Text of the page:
Report: Polluted Rio air more dangerous for Olympians than filthy water
The air in Rio de Janeiro is not up to World Health Organization standards
With all the concern over the polluted water in Rio de Janeiro, one report says Olympic athletes and spectators should be more concerned with the air.
According to Reuters, Rio's air is dirtier and deadlier than what authorities have portrayed, and the government has failed to deliver on its promise to clean up the air by the start of the 2016 Olympics.
The Rio government has fallen under attack in past weeks after various reports showing high amounts of garbage and raw sewage in bodies of water where athletes are set to compete.
Little attention has been focused on the air, which according to the report, has for years exceeded acceptable levels of particulate matter -- the most dangerous air pollutant.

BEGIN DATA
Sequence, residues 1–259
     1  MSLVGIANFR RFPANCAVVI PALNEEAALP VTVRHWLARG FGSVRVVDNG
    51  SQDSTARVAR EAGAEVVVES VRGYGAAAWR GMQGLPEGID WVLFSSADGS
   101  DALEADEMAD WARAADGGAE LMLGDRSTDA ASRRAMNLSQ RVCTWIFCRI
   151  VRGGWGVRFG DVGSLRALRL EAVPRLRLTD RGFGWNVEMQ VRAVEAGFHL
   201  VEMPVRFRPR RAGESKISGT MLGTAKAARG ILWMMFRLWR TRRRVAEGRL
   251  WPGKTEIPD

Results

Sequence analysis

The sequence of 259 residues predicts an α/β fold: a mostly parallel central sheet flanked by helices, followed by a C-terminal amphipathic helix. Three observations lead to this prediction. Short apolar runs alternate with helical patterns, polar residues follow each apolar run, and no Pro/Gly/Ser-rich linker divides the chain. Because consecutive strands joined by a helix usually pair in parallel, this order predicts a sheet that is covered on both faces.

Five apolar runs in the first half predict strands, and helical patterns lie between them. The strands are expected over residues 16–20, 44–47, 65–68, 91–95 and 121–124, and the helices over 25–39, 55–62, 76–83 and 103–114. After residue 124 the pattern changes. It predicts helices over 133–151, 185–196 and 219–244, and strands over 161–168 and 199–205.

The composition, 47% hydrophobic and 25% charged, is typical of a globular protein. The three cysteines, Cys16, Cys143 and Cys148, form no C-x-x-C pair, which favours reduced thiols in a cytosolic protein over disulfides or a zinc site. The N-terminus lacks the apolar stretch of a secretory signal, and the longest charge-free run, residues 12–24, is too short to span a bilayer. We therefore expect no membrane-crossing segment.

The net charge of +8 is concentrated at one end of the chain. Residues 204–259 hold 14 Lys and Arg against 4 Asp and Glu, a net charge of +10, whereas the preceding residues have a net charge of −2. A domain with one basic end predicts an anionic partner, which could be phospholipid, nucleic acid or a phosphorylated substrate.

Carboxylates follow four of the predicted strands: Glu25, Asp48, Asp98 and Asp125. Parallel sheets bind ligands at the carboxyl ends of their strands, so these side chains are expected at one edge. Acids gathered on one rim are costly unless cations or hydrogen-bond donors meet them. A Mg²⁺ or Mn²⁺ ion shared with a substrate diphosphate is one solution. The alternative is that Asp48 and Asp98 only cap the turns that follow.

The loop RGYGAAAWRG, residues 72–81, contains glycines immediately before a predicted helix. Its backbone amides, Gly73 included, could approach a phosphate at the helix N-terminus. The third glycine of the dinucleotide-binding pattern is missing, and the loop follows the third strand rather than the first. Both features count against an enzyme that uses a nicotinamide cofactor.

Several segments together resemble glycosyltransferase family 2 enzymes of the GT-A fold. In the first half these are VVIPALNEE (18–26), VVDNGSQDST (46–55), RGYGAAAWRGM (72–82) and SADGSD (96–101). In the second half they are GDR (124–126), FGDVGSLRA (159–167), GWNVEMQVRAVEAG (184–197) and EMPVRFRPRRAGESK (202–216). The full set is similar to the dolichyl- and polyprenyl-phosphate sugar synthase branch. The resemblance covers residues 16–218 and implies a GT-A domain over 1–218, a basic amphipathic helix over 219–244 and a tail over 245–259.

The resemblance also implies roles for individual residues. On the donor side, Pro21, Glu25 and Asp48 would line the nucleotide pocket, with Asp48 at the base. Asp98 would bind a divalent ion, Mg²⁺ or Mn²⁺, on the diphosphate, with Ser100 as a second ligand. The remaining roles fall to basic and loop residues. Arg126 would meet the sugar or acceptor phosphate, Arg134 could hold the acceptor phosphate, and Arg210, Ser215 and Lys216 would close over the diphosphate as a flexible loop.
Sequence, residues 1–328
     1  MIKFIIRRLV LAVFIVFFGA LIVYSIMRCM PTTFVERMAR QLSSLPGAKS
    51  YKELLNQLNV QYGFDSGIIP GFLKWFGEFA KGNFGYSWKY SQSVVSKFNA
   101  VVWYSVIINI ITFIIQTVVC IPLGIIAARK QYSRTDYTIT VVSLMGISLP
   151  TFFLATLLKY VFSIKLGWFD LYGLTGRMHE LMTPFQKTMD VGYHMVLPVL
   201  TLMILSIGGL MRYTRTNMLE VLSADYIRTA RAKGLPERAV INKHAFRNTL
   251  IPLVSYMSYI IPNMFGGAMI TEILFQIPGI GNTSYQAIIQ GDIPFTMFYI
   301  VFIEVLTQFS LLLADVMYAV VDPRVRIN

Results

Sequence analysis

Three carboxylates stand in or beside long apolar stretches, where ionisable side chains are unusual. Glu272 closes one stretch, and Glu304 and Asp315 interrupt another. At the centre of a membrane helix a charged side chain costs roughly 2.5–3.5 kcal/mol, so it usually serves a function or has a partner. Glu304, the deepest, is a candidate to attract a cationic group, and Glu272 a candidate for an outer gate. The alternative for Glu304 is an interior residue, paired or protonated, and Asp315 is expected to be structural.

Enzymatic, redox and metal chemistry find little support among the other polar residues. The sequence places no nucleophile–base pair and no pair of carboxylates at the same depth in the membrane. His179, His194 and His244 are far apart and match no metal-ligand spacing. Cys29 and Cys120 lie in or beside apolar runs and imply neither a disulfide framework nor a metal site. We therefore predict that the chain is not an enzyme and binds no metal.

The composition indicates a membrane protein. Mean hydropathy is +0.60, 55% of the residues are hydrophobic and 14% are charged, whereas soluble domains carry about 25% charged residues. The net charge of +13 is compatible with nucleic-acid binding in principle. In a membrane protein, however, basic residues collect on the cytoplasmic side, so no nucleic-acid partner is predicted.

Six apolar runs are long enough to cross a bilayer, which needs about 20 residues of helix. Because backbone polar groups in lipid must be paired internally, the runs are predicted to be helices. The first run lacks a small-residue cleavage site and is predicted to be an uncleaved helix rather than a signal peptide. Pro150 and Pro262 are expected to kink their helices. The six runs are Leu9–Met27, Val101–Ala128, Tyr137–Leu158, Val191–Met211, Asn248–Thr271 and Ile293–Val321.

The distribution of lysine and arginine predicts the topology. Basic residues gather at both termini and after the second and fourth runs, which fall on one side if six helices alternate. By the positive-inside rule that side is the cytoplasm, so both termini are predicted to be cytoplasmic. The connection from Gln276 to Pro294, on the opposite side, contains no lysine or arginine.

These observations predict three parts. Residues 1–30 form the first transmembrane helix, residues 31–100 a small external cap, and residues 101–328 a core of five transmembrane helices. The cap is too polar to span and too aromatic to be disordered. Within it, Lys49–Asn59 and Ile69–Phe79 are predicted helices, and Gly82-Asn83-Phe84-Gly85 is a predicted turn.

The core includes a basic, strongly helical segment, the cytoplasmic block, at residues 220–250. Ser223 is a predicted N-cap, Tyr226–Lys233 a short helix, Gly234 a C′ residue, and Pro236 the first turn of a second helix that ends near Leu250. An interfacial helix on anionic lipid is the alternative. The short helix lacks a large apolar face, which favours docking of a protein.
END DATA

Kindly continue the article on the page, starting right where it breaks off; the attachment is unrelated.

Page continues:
Since 2008, the levels of particulate matter in Rio's air have consistently been two-to-three times over the limit imposed by the World Health Organization.
"This is definitely not 'Olympic air,'" said Paulo Saldiva, a University of Sao Paulo pathologist and member of the WHO committee that set tougher global pollution standards in 2006. "A lot of attention has been paid to Rio's water pollution, but far more people die because of air pollution than the water."
According to the report, thousands die annually in Rio due to complications related to the air, including lung cancer, heart attacks, strokes and asthma.
Tania Braga, head of sustainability and legacy for the Rio Olympics organizing committee, countered by stating that other measures of air quality (besides particulate matter) such as nitrogen dioxide and sulphur dioxide are well within the WHO's limits.
Air pollution is just the latest issue to make its way into conversation surrounding the Rio Olympics, which begin with the opening ceremony on Friday.
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